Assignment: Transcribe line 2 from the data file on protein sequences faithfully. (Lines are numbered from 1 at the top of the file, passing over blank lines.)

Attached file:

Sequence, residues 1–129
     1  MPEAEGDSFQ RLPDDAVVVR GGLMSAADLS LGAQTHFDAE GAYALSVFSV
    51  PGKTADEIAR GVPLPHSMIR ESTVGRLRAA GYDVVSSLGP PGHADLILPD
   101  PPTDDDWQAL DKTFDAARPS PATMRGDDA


     1  MPEAEGDSFQ RLPDDAVVVR GGLMSAADLS LGAQTHFDAE GAYALSVFSV